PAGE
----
At the Hannover Messe robotics fair in Germany yesterday, UK company Mobey Robotics launched the world’s first robot chef, capable of watching and mimicking the kitchen skills of a human chef and recreating them with superhuman consistency. There is already a restaurant in Soho with touch-screen tables where you can place your order and pay your bill, and restaurants in Japan where robotic waiters serve food. As these new technologies become cheaper and more widely available, they are likely to replace the need for human labour in restaurants altogether.
If you find this a bit unlikely, remember that we’ve already accepted robots at the supermarket checkout, the airport check-in, the train station, the cinema and the bank. Start-up culture is expressly geared towards what it calls disruption, which chiefly involves identifying redundancies in existing systems and working out how to replace them. The more jobs lost the better.
Agriculture and manufacturing jobs now tend to exist in countries where the labour force is willing to work below the cost of a machine capable of performing the same function. With robots like the hyper-dextrous Baxter (an ‘alternative to outsourced labour’ capable of working non-stop twenty-four hour shifts) now available to buy for less than £20,000, repetitive manual jobs everywhere will become a thing of the past fairly soon.
There is nothing new about technological unemployment. Since the loom-smashing weavers of the early nineteenth century, Luddites everywhere have decried the deletion of human jobs by machine automation. It is a persistent feature of any technological society that human workers pay the price for increased efficiency, with the benefits accruing back to the owners.
Traditionally, technological innovation has been seen as part of social and economic progress, with more jobs created over the long run than are lost in the first wave of human redundancies. It is often argued too that only menial, repetitive jobs are lost, and that the increased productivity leads to higher incomes and new forms of employment.
But are we reaching a point that John Maynard Keynes predicted back in 1930, with ‘our discovery of means of economising the use of labour outrunning the pace at which we can find new uses for labour’? After all, it isn’t only low-skilled work that machines are learning to perform.
Word processors, spreadsheets, and email have already replaced the Sisyphean clerk-work that dominated twentieth-century office life. A venture capital fund in Hong Kong has appointed an algorithm to its board of directors with equal voting powers to its human counterparts.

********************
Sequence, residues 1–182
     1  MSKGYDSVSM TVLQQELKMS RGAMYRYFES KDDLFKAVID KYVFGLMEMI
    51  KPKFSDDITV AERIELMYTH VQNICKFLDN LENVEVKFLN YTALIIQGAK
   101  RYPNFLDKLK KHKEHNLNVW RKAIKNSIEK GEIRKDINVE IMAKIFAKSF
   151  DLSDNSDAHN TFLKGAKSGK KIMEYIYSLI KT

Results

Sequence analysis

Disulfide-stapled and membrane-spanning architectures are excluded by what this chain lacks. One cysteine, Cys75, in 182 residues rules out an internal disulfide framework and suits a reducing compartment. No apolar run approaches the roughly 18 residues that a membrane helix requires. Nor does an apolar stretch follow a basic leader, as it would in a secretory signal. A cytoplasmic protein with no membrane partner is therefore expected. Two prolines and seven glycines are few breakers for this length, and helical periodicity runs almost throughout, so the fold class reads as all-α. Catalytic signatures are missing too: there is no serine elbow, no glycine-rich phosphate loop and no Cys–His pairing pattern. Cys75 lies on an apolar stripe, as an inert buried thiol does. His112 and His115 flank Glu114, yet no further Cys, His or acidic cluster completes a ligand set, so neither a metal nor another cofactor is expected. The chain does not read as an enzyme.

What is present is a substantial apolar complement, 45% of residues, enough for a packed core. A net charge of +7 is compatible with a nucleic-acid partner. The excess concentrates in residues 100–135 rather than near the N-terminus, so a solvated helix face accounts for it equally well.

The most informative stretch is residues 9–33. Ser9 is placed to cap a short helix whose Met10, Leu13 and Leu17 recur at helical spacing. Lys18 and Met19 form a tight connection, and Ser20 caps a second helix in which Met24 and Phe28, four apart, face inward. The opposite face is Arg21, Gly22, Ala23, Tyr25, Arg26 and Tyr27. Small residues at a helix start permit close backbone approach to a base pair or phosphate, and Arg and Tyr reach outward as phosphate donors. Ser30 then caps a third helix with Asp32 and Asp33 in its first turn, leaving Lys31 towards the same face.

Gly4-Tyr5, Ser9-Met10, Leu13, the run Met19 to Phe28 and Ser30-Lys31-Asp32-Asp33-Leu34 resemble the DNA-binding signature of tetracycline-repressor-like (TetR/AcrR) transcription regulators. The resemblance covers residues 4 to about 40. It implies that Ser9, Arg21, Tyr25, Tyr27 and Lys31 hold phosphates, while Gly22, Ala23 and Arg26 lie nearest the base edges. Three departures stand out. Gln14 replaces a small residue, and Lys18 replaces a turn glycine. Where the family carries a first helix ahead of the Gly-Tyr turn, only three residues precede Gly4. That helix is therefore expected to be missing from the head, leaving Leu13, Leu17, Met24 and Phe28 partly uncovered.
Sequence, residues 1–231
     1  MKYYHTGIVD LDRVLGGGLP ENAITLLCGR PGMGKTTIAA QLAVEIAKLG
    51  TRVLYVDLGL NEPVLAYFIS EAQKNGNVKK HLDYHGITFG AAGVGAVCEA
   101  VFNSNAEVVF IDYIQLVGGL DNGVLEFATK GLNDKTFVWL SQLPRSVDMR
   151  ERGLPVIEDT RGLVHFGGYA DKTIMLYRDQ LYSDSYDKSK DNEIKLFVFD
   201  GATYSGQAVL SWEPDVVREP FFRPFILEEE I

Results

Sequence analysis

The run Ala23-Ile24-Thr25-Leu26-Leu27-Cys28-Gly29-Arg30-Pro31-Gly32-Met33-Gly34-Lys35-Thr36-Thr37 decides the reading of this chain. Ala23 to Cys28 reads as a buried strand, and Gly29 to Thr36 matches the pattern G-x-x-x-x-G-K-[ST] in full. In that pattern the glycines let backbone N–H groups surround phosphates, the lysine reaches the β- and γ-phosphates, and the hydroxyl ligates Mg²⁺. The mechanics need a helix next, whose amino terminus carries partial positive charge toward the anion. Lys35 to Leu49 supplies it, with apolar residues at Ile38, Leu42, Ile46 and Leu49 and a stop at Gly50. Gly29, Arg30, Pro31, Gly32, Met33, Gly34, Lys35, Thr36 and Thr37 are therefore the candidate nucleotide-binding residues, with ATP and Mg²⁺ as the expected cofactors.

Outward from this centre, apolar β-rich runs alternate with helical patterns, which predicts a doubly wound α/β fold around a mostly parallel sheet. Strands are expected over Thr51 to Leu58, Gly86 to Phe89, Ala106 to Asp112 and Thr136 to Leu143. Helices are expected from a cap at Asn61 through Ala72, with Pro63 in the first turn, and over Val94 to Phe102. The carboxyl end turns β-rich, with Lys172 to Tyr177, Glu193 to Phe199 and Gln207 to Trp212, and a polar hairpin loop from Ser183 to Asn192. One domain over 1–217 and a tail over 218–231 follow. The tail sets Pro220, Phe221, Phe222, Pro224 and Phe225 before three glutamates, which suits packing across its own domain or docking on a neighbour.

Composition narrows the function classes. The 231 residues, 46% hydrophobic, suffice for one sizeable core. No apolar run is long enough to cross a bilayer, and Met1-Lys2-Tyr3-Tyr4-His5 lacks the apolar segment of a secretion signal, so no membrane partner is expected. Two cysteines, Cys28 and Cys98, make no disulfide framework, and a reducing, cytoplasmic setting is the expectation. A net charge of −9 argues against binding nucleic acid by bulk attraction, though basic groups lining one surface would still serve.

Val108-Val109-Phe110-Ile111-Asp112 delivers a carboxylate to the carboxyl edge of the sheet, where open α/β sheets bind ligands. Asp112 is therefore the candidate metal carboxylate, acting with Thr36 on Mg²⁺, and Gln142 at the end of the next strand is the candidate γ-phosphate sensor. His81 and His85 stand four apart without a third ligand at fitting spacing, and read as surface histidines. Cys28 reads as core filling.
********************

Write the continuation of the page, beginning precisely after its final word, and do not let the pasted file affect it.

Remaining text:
IBM’s Watson can understand a patient’s reported symptoms and run an instant search of medical data to provide highly accurate diagnoses. Medical robots already analyse blood samples and perform certain kinds of surgery with great precision.
Law offices are emptying out as sophisticated search bots replace researchers and paralegals. The trading floor scrums of the 1980s have been replaced by enormous banks of servers which make buying and selling decisions a thousand times faster than any human. In journalism, sports and financial reports are already written by computers, which automatically search for results and write them up in natural language.
A UN conference taking place this week is debating the future of Lethal autonomous weapons systems (under the unbelievable acronym Laws), hoping to agree on how development of ‘killer robots’ can be controlled.
As more and more jobs at all levels of the economy are automated, what kind of society are we creating? Keynes predicted that automation would create the conditions for us all to enjoy a fifteen-hour work week. This hasn’t materialised, but with the pace of innovation increasing, the future of work is highly uncertain.
Will we all become artisan designers of 3D-printed trinkets and sell them to one another, fulfilling Napoleon’s rebuke of our nation des boutiquiers? Will something like Natalie Bennett’s widely derided citizen’s income become a necessary solution to a world in which only a tiny fraction of the population is needed in productive work? The LSE’s David Graeber fears that we may be heading blindly towards a new techno-feudalism. Let’s hope he’s wrong.